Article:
Benjamin Netanyahu, unseated after a bruising, two-year battle to hold on to his job, is already plotting a comeback.
The once-invincible Israeli leader was voted out of office on Sunday after 12 uninterrupted years in power, replaced by a shaky governing alliance beset by deep internal divisions.
When Netanyahu addressed parliament in his waning moments as prime minister, there were no pro forma well wishes for his successor, religious Jewish nationalist Naftali Bennett, but rather a pointed warning, delivered in his U.S-accented English: “We’ll be back -- soon.”
The new coalition will govern with the slimmest majorities -- commanding 61 of parliament’s 120 seats -- and runs the gamut of Israeli politics: secular and religious factions, hawks and doves, free marketeers and social democrats, and an Arab party for the first time in Israeli history.
Survival could prove a challenge, given the conflicting ideologies. At the same time, the alliance coalesced around a desire to oust Netanyahu, who’s standing trial on corruption charges -- and that might prove to be the glue that holds it together to block any comeback bid he might make.
Under a power-sharing agreement that allowed the new government to get off the ground, Bennett, a 49-year-old former Netanyahu ally, will serve until August 2023. He’ll be replaced by centrist Yair Lapid, who was the main architect of this unlikely coalition and will lead the country through November 2025. Stocks and the shekel were little changed early Monday.
Netanyahu -- still Israel’s most popular politician -- made it clear that he’d waste no time trying to reclaim his old job.
“If we’re destined to be in the opposition, we will do it with our heads held high until we topple this dangerous government and return to lead the country in our way,” he said in a speech preceding parliament’s vote of confidence in the new government, which passed by a hair -- 60 to 59, with one abstention.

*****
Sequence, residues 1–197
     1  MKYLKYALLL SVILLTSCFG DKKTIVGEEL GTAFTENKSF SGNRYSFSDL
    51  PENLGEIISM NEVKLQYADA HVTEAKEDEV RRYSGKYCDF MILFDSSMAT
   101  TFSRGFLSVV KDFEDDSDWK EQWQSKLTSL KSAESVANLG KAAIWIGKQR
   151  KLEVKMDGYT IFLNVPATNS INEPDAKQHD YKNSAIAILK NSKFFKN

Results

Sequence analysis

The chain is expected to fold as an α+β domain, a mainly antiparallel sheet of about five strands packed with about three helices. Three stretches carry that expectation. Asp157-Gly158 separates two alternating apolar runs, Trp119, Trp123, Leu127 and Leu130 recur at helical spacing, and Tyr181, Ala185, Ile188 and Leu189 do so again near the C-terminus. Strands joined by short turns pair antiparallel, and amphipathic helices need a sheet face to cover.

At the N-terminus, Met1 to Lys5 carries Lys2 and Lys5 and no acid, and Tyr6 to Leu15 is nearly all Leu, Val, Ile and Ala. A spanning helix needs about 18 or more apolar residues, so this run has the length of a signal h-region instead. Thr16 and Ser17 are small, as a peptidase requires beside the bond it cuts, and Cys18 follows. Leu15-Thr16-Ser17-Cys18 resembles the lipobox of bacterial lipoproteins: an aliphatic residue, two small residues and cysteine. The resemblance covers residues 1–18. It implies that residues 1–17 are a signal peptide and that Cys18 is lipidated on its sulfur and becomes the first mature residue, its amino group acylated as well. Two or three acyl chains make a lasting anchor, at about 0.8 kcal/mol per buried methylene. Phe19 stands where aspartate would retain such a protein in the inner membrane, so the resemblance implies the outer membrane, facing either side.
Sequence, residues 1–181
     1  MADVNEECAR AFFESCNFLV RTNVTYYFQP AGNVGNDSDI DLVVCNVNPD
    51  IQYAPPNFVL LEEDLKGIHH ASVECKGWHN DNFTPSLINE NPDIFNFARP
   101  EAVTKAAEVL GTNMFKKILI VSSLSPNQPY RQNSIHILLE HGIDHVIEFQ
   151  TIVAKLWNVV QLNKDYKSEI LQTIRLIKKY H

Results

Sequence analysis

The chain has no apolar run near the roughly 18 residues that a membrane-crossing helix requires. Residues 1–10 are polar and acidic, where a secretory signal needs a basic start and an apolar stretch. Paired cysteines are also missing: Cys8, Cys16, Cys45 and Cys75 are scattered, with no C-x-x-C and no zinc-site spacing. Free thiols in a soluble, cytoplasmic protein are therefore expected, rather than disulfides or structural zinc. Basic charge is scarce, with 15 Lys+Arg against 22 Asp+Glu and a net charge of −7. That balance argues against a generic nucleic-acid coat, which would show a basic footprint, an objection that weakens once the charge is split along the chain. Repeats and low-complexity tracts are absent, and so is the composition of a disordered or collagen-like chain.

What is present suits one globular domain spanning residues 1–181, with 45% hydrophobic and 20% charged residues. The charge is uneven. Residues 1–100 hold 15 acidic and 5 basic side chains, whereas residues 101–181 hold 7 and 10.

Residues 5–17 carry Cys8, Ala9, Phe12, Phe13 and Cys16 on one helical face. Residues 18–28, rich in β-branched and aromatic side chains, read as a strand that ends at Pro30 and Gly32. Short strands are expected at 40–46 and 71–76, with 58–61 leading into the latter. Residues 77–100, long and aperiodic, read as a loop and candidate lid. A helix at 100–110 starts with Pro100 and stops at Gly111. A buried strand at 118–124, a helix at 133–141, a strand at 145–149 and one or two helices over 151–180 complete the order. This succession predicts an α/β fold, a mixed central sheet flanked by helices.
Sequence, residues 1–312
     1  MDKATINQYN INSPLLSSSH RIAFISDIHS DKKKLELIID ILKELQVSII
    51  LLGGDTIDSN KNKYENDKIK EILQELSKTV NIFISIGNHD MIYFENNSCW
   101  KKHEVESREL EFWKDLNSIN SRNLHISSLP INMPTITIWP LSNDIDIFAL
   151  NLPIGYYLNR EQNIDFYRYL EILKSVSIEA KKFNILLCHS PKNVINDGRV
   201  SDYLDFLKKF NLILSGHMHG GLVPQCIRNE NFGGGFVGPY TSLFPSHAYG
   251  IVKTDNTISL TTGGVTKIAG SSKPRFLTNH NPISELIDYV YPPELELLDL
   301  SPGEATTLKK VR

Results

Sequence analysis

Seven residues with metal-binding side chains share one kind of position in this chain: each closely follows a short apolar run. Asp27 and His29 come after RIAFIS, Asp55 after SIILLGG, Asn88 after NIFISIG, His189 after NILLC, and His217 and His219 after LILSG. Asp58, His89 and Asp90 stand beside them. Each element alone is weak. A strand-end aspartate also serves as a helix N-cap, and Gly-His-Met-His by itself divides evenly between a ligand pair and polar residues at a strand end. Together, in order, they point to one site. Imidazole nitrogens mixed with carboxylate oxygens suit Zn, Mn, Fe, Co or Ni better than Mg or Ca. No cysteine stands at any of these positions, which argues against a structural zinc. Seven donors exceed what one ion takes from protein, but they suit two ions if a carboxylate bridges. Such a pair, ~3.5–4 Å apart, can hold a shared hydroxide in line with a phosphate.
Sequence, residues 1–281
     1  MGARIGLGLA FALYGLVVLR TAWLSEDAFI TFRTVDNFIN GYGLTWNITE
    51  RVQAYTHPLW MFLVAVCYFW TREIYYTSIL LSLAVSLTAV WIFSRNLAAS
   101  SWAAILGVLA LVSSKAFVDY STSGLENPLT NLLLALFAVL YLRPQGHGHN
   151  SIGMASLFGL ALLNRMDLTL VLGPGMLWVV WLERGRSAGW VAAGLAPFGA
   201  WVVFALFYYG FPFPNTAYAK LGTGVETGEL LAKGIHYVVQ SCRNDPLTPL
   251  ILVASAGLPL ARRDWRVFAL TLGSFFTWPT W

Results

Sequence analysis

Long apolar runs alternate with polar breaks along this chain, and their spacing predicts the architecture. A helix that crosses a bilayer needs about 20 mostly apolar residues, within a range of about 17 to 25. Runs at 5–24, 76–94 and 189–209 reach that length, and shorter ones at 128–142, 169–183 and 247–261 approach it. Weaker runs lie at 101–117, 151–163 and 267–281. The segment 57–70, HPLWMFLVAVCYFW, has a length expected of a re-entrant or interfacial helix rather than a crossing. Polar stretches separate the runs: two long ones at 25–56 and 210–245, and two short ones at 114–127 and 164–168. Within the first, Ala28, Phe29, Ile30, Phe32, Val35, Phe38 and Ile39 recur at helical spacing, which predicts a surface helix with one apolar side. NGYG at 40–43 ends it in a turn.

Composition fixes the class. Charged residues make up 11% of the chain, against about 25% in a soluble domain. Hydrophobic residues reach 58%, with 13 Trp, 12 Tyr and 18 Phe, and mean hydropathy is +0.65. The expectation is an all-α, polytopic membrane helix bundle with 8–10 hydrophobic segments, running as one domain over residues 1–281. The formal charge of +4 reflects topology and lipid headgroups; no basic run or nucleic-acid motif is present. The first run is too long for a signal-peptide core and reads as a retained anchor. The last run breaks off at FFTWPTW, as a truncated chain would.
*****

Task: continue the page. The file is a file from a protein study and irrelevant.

After four elections in two years and one short-lived and dysfunctional government, the disparate new coalition plans to focus on issues where common ground can be staked out. One of the things it’s pledged to immediately pursue is a term-limit law to ensure another run like Netanyahu’s never happens again. In all, Israel’s longest-serving prime minister governed for 15 years, including a three-year stint in the late 1990s.
The new government also aims to approve a national budget -- last done in 2018 -- within 145 days, with a focus on reducing inequality, and boosting employment in the nation’s booming tech sector. It will be much harder to find agreement on diplomatic and security issues like the conflict with the Palestinians and how to deal with the Iranian nuclear program.
The coalition must steer away from issues that divide it and concentrate instead on matters where they can find consensus, such as upgrading infrastructure, and investing in the health system and Israeli Arab communities, said Gideon Rahat, a senior fellow at the Israeli Democracy Institute research center in Jerusalem.
“They have to concentrate on the things that unite them and continue to feel that Netanyahu is out there waiting for their failure,” Rahat told Bloomberg TV on Monday.
Ultimately, the fate of any comeback could depend on whether allies see Netanyahu as impeding the right wing’s return to power, he said in a separate interview on Sunday. “That could be his end,” he said.
Goldman Sachs International economists, in a note late Sunday, said the wide range of political views means the new coalition’s long-term stability remains uncertain.
“Nevertheless, we continue to think that the impact of political uncertainty on Israeli asset prices remains limited,” they said. If a national budget is passed, “this could provide a more positive backdrop for the economy,” they added.
Netanyahu, 71, finds himself outside the halls of the power after former nationalist allies turned against him following more than two years of political turmoil closely linked to his legal woes. A world-lauded coronavirus vaccination drive couldn’t save him. Neither could diplomatic deals with four mostly Muslim states in the Persian Gulf and Africa, or close ties with former U.S. President Donald Trump that yielded gifts including U.S. recognition of contested Jerusalem as Israel’s capital.
Naftali Bennett. Photo: Bloomberg
He possesses an especially strong incentive to try to get back to the prime minister’s office. A return to power gives him the chance to suspend his graft trial by passing legislation shielding a sitting leader from prosecution.
He’s accused of illicitly accepting gifts from billionaire friends and trying to win sympathetic press coverage by shaping regulation to benefit media moguls -- charges he denies.